Shore leave in Roche Bernard

Thursday 2nd August 2012

A day in Roche Bernard

No alarms, and the ‘see what time we wake’ saw us wake at 09:30!!!  I’d promised Pete that I’d go for croissants for his breakfast, if we were still here, and I was true to my word.  The town was bustling with a big market, which had swollen the number of people in town considerably.The penance for another day in Roche Bernard would be a long walk.  I made a half-hearted suggestion to visit the Tourist Information Office to pick up the walking guide, but we didn’t do that.  Neither did we take any water with us.  Pete had spotted a walk off the wet walk that we did yesterday.  ‘Circuit les deux moulins’, 8.5km.  We thought that might be a good walk, but needed to walk to the start of it, about 3km from the boat.  Determined, we set off.  The skies were darkening, and it was trying its level best to rain.  I figured we had a couple of hours before heavy rain set in (been studying my sailing weather book again), so we set off at a brisk pace.

Having no map, no real idea where any moulin (windmill) was, we were relying on signage.  We strode off very confidently, for all of five minutes, when the first intersection came along.  Pete went off one way, whilst I waited.  In sheltering from the rain, I drew closer to the trees, and noticed a painted yellow mark.  This was the ‘code’ for the walk.  Pete didn’t come back, and I’d guessed he’d probably texted me, only I didn’t have my phone on me.  Eventually he came back down the slope – he had texted me to follow him, but I had the ‘right’ path.  Pete was really enjoying our walk, as it was like following a trail.   He told me about a holiday on Tresco when he was 12, when he’d had a friend staying too, who loved running and setting trails…  There was something of the young boy.  Me?  I was wishing that we’d gone to the Tourist Office, and had brought some water with us.  At several points the signposts crossed – so their signage wasn’t as good as it might have been.  We certainly must’ve short-circuited the walk, because we only did about 4 km, and certainly didn’t see any moulins.  Saw a very pretty village, possibly two, although we may have been in the same village!  We finished the circuit, and ended up reversing the walk that we did yesterday – without getting wet!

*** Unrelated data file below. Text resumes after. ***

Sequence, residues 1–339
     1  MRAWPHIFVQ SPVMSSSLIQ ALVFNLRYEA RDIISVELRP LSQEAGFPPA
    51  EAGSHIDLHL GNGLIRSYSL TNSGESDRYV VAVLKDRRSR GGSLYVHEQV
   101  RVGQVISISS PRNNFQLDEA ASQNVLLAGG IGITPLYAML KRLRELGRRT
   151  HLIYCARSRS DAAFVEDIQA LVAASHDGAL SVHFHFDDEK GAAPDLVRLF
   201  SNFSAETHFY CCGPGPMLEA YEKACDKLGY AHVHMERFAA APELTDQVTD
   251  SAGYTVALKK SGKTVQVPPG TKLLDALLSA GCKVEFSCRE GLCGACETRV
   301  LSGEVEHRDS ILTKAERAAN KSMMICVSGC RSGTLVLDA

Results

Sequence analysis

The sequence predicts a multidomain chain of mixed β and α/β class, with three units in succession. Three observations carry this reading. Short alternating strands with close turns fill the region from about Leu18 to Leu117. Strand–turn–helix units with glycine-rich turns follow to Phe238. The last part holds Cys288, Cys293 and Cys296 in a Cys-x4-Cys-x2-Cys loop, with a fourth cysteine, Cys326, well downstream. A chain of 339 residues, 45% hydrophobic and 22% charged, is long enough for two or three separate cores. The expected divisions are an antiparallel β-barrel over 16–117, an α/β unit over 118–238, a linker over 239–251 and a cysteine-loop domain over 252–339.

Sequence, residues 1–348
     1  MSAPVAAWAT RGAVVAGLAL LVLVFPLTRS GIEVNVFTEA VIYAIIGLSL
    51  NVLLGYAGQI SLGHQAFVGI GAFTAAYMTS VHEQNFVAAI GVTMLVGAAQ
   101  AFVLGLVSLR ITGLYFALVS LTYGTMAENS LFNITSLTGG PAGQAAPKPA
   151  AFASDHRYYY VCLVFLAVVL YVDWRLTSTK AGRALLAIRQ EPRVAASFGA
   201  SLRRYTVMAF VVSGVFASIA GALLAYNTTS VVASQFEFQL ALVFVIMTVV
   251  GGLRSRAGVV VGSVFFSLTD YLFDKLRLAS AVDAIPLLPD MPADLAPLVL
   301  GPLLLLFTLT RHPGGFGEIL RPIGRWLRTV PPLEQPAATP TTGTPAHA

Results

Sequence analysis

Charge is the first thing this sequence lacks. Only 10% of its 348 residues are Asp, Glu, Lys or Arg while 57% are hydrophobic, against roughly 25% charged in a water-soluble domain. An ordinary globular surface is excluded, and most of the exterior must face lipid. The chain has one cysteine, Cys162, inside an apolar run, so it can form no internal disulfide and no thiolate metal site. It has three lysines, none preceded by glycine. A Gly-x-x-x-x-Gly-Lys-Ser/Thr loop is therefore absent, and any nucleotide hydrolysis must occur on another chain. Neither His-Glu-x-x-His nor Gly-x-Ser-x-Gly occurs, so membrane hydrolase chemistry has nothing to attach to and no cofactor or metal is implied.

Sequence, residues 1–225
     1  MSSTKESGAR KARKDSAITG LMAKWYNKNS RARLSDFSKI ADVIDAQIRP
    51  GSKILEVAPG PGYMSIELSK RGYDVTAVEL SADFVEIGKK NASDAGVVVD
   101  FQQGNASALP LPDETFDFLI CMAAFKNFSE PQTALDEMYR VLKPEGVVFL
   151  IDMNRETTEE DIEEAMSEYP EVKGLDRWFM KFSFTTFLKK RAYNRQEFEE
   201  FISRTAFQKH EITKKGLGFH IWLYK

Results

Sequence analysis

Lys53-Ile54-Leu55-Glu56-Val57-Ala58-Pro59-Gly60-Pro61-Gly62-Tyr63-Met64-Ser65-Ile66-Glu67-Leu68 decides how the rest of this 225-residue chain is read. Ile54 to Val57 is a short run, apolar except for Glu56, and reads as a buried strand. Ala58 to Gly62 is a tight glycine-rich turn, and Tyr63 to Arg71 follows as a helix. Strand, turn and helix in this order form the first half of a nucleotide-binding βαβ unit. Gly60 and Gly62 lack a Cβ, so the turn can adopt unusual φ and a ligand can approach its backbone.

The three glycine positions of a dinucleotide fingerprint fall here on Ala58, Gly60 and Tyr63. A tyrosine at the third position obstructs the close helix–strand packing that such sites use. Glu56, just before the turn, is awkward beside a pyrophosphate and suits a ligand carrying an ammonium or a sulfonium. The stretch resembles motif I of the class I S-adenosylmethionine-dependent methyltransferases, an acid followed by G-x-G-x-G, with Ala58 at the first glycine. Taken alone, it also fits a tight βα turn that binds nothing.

In the afternoon we paid a visit to the Museum in Roche Bernard.  Now, if Pete were writing this, he’d say how interesting it was overall.  Some of the exhibits, he’d admit, were dull.  But he became totally engrossed in an exhibition (all in French) about the Bateaux des Cardinaux – or the Battle of Quiberon Bay.  This took part on one day in 1752 (?), and saw the end of the seven year war.  He even seemed to absorb a video about the battle, which I have to confess glazed over me.  We were in the museum longer than I would have given it, but Pete was absorbed.

We set ourselves the target for being up and off at 07:00, with our Dutch neighbours, for a repeat performance of the madness of the lock.